"An ongoing encounter with a homeless woman moved me to begin this series. I fragmented and distorted photographic images of my own beloved home, juxtaposing them in illogical abstractions. These collages became the source material for the drawings and paintings in this series. I want these images to disturb, not because they are ugly or horrible, but because they deny the satisfaction, the beauty, of stability. I want them to mirror the sense of displacement and insecurity, the loss of apparent safety, that comes with the loss of one's home.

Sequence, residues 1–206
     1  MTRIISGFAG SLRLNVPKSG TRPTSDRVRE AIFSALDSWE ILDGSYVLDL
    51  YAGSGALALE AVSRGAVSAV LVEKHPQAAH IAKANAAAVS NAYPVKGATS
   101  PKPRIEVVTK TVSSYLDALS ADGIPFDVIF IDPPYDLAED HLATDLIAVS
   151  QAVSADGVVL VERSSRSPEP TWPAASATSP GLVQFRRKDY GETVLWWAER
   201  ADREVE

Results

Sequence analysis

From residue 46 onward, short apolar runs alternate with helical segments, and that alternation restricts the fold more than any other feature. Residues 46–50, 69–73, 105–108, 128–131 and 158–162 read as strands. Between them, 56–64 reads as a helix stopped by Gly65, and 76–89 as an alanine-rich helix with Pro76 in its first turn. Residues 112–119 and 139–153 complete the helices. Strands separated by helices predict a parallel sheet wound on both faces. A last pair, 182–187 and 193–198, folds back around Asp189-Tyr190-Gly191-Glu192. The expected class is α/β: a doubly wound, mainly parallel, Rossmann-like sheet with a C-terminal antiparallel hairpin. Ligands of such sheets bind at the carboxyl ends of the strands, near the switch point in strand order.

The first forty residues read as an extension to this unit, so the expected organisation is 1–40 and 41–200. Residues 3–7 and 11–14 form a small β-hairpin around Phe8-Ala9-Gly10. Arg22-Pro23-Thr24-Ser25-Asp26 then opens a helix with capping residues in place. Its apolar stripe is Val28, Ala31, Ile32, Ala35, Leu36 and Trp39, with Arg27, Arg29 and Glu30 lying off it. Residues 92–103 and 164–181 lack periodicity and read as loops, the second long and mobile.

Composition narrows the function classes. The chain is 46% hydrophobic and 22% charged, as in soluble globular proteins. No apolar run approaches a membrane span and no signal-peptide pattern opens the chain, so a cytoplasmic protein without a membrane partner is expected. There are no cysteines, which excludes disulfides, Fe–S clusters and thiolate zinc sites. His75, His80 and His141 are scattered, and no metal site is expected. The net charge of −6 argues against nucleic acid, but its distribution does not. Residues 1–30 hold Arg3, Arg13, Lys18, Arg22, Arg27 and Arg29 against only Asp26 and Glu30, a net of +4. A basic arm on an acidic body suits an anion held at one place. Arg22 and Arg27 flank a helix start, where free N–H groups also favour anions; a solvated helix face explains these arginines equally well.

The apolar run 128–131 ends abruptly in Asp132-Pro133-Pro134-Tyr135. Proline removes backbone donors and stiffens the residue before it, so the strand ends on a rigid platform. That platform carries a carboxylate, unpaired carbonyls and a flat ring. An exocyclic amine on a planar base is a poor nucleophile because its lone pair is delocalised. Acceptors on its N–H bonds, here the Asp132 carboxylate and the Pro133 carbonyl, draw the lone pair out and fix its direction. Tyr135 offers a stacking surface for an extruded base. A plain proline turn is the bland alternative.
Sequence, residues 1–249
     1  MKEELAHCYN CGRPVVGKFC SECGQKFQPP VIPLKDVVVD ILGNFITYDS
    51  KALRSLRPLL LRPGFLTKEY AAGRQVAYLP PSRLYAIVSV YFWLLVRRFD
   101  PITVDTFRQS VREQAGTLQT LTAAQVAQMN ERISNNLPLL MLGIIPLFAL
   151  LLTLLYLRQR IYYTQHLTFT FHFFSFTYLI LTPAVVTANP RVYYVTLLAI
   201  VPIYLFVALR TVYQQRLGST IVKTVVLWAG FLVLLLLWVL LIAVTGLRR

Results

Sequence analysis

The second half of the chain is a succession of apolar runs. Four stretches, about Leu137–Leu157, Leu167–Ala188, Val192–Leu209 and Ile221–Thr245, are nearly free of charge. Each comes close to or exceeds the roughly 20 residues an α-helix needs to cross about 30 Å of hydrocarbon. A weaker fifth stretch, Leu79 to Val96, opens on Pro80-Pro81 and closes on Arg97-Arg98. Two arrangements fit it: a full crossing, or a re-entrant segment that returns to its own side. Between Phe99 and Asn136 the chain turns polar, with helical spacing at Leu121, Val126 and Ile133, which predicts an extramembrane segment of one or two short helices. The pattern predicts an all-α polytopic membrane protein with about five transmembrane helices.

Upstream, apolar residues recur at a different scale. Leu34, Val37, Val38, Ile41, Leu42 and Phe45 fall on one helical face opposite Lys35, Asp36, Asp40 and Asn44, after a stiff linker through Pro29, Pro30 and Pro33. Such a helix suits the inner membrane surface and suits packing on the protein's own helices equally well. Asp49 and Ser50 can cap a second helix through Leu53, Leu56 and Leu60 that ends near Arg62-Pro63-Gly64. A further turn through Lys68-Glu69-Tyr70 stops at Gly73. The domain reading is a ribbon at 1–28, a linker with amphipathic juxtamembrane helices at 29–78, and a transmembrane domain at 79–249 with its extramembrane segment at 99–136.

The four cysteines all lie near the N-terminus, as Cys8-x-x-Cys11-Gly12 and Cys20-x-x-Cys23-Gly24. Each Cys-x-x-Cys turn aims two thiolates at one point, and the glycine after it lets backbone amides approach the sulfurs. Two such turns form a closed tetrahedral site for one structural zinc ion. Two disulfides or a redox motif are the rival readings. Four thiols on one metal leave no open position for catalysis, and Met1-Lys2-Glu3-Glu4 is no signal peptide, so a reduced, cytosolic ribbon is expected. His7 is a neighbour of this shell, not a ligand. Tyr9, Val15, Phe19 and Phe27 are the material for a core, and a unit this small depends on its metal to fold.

We live in a culture that seems obsessed by our homes. We build unnecessarily large and ornate ones and buy endless magazines telling us what we should do with them. What have they come to symbolize? Does home connote a place of refuge - of untouchable stability and security? In truth, we know that our world and our bodies are inherently unstable, so aren't we all, in a deeper sense, homeless? The shock of the events of 9/11 engendered a long moment in which, collectively, we were faced with the undeniable and awful truth of the fragility of existence. Much that has ensued seems to have stemmed from a fervent desire to deny what we have seen, to regain some sense of personal and national security. I find that this ongoing series leads me to ever more pervasive questioning, and this questioning continues to drive the work. Can peace and security be found in this slippery and speeding world? Without denial, can we ever feel safe at home?"